Cerebral abscess and subdural empyema

Case contributed by Matthew Tse
Diagnosis certain


Known base of skull tumor. New pyrexia, new headache, new word finding difficulties, new cranial nerve palsies. CRP 600.

Patient Data

Age: 55 years
Gender: Male

MRI brain


Centered within left anterior inferior temporal lobe, collection of relatively homogeneous low T1 and high T2 signal with relatively thin, regular peripheral enhancement measuring 21 x 30 x 29 mm (TR x AP x CC) and corresponding central diffusion restriction in keeping with abscess. Hyperintense T2 signal of the surrounding white matter in keeping with edema.

Subdural collection with corresponding diffusion restriction in keeping with subdural empyema, extending along the inferior aspect of the left temporal and medial aspect of left temporal, occipital and parietal lobes, measuring up to 8 mm depth on coronal reformats at the inferior temporo-occipital region.

The ventricular system is clear with no evidence of hydrocephalus or pyocephalus.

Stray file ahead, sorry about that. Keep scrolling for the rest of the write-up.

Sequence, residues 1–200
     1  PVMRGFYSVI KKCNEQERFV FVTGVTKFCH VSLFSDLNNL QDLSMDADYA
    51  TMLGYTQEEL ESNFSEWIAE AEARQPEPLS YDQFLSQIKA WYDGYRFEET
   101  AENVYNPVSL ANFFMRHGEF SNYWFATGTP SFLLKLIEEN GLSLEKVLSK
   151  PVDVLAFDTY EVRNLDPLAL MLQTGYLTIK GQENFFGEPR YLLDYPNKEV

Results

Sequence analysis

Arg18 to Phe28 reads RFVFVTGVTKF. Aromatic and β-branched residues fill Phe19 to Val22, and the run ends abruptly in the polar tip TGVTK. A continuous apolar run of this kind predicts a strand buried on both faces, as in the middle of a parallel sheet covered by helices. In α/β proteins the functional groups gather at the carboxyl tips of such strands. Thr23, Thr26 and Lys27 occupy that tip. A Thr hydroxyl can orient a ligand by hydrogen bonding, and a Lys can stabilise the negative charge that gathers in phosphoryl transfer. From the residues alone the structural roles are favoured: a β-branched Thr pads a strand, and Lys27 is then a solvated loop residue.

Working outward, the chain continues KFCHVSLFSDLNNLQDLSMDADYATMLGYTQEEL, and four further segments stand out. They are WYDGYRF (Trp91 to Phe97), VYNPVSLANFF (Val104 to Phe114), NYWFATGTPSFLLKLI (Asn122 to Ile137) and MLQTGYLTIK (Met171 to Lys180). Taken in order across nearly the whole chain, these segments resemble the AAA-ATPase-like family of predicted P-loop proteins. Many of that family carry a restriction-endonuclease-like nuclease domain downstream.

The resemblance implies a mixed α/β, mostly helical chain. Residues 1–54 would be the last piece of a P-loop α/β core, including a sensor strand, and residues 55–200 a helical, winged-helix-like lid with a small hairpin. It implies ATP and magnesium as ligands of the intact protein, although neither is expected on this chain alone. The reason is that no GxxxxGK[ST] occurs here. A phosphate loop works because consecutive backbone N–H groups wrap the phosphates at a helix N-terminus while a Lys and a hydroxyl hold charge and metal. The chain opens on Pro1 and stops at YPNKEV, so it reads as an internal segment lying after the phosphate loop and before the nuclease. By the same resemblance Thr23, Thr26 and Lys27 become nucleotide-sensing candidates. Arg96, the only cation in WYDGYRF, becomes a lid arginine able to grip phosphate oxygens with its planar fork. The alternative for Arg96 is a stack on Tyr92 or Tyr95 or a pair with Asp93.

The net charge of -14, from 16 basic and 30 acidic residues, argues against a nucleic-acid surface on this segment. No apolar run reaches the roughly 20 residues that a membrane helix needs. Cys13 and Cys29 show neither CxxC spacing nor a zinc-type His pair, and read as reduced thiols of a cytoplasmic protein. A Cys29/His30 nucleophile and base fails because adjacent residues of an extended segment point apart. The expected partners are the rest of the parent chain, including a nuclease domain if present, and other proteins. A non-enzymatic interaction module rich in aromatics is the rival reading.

No other intra-axial space-occupying lesion.
No significant midline shift or herniation.

Enhancing soft tissue mass at the left skull base encasing the left internal carotid artery, soft tissue mass lesion within left external acoustic canal and fluid signal within the left mastoid air cells, overall similar to recent MRI neck.

Enlarged left neck nodes similar to prior.
Right maxillary sinus polyp also similar to prior.

Left temporal lobe abscess with associated left subdural empyema, presumably secondary to eroding left skull base mass, which is similar in size to prior.

Case Discussion

An intra-parenchymal fluid collection with relatively uniform strong diffusion restriction and thin peripheral enhancement is a characteristic appearance for a cerebral abscess; a key feature, in this case, is appreciating the close relationship with the base of skull mass and the likely close association between the mass and the abscess which may make definitive surgical intervention difficult. The other key observation is appreciating the subdural collection and the fact this collection also restricts diffusion in keeping with a subdural abscess (subdural empyema).

The patient initially had the abscess drained, which grew small numbers of Streptococcus intermedius. The subdural collection was too small for neurosurgical intervention initially but subsequent imaging showed enlargement of the subdural collection which was subsequently washed out by neurosurgery, following which inflammatory markers normalized.

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